Especially in larger groups, many folk choose to keep their own drinks with them and drink while other folk are toasting. This is quite all right: the symbel is a merry time as well as a mighty one. It was thought uncouth to get really drunk at a symbel, but drinking well and enjoying oneself were very much a part of the rite. Eating at symbel, however, is and was not done. Among the Franks, the tables were carried out after dinner when the serious drinking began; Bauschatz suggests that food was "purposefully excluded from the ritual" (The Well and the Tree, p. 74). In Hávamál 33, it is told that one should have a little bit to eat before coming to a feast; the same is often true of symbel. In fact, it is probably better to schedule the symbel so that it falls after the main feasting. 
While the symbel is basically a social rite, strengthening the bonds that tie true folk together within a holy setting, it can be done with as few as two or three people - in fact, some of the mightiest symbels take place in very small groups of lore-wise folk. 
Either a horn or a large cup can be used, but the horn is better: Even after the conversion, the horn was still the holiest vessel, the link with the elder forebears. Orkneyinga saga ch. 66 tells how the men had been drinking from cups all evening, but changed to horns for the minne-toasts.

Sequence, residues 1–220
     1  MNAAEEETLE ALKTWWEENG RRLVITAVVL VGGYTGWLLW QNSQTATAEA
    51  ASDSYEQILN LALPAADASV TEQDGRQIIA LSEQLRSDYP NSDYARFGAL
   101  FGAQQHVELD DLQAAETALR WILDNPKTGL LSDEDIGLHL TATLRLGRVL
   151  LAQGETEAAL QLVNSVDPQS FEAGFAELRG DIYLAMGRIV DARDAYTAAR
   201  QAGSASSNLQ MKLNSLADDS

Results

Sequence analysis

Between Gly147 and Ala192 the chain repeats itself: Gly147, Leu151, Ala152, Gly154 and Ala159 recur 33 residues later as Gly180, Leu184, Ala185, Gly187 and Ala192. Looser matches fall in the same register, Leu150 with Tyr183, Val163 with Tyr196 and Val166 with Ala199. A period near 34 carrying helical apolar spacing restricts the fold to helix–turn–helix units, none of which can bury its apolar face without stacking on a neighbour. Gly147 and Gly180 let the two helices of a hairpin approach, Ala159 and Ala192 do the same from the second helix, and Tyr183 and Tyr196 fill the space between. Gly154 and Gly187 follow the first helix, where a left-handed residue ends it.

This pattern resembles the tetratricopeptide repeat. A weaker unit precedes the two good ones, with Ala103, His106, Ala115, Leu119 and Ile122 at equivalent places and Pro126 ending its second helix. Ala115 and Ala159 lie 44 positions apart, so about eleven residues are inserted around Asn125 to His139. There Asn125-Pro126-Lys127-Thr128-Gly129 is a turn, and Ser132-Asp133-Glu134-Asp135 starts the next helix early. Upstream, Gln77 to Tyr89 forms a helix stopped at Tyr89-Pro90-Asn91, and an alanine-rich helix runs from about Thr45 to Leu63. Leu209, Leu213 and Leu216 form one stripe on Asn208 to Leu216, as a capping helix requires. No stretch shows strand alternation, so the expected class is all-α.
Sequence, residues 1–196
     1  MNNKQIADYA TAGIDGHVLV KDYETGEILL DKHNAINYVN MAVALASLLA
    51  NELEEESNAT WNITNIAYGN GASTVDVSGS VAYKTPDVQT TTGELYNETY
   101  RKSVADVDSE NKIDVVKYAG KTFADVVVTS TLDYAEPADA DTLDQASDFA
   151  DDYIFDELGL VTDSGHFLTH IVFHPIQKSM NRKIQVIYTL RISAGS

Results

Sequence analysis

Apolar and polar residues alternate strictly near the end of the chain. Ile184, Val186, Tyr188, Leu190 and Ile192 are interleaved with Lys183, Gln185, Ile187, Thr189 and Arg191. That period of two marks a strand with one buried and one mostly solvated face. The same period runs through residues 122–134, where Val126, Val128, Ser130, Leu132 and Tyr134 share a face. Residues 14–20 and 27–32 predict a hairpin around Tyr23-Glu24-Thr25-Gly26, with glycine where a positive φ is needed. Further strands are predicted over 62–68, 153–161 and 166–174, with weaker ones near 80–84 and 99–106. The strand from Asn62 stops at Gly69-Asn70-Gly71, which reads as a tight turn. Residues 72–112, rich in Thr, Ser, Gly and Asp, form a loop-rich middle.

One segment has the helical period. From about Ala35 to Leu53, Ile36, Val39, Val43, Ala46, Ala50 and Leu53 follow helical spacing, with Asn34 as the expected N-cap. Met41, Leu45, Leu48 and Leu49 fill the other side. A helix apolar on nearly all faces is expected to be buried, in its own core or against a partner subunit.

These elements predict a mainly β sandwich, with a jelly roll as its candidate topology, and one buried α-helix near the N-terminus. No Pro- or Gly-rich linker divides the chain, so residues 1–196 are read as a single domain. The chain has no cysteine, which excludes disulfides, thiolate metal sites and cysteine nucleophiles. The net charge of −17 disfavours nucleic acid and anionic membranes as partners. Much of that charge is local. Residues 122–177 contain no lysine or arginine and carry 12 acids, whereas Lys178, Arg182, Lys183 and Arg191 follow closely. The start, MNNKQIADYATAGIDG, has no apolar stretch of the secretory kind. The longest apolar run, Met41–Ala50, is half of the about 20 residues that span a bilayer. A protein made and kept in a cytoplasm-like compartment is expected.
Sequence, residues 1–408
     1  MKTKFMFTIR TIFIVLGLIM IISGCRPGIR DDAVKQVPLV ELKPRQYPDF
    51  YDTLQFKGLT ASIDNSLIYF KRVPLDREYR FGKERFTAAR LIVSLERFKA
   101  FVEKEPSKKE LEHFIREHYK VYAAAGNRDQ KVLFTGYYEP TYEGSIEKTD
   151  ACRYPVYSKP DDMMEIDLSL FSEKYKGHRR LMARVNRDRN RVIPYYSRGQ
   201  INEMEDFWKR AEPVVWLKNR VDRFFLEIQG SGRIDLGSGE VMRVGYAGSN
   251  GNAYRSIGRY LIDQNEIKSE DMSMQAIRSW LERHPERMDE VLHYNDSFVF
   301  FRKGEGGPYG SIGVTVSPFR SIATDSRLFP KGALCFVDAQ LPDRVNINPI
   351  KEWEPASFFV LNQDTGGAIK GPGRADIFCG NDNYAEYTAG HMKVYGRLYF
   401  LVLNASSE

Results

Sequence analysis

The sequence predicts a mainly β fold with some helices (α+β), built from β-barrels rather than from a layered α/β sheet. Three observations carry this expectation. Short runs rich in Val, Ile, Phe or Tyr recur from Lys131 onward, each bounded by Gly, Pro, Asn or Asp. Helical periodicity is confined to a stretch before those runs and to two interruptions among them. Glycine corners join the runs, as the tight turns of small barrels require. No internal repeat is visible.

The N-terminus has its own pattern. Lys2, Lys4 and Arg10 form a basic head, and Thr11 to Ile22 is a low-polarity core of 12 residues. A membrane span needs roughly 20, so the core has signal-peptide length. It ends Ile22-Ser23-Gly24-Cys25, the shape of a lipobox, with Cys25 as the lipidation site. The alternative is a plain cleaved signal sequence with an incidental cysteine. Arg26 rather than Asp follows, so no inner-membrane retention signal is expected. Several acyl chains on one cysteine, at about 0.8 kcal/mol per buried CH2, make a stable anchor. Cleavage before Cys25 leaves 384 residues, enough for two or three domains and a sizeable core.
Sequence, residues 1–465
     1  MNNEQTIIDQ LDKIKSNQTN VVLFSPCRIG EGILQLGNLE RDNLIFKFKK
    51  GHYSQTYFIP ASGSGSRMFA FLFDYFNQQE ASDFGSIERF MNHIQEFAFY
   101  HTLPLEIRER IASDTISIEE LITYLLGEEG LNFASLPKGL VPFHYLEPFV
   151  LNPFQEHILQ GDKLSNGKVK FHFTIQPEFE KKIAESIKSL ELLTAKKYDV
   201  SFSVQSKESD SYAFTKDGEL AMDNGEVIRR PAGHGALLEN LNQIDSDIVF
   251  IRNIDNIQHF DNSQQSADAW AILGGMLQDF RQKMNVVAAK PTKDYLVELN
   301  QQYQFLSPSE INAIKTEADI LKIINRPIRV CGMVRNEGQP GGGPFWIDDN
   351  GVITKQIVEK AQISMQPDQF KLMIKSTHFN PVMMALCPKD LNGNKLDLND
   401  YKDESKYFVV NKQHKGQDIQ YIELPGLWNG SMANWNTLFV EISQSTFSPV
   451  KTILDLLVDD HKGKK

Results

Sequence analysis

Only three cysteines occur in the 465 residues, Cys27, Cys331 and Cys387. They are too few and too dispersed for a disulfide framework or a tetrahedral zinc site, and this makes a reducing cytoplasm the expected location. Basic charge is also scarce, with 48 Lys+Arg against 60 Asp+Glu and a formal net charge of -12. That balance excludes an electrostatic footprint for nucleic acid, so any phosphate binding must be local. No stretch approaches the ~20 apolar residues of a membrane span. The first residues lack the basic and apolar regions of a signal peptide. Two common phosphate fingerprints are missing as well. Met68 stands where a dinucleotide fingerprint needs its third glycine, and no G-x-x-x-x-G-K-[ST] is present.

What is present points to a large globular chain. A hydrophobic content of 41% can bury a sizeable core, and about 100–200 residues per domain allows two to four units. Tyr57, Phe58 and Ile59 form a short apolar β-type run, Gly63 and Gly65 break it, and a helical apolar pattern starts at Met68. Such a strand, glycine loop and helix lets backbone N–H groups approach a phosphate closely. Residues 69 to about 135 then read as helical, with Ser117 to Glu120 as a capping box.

When the horn is emptied, it should be refilled by a chosen hall-idis. This frowe may also carry the horn between folk, rather than simply letting it be passed from hand to hand. It is important not to think of this as a servile role; it was the highest of atheling-frowes who bore the drink in the old days, as the walkurjas bear it to Wodan and his einherjar and Wealtheow bore it to the heroes within Hrothgar's hall. The woman's might here is not only as the source of life but, even as the horn embodies the Well of Wyrd, so she herself is the Norn hearing and ruling over all the words that are spoken into it. In a shorter symbel, the hall-idis should make sure before the rite starts that there will be enough drink within the circle to refill the horn at least thrice; in a longer one, she may pass freely out to get more drink when needed. 
The symbel has several forms, fitting to different times and occasions and to different sizes of gathering; it has been found in modern times that it is needful to carefully consider the group gathered before deciding which form will be best. 
Shopes' Symbel 
Up to now, the "shopes' symbel" has not been formally marked as different from others; it has just happened at random times when enough word-skilled folk chanced to be at the same symbel. The shopes' symbel is that sort of symbel at which everyone makes long and mighty toasts, often in the form of poems, tales, or songs. This seems to have been common among our forebears, as most folk were expected to have at least a little word-craft or musical skill; for instance, Bede's account of the poet Cædmon begins with a description of how Cædmon, then lacking all such skill, sat in a beer-hall when the harp was being passed and songs sung, and had to get up and slink out before the harp came to him. A shopes' symbel can go on literally all night - and has! In a small group of folk who know the lore and have some speech-skill, this form takes the symbel-rite to its greatest heights.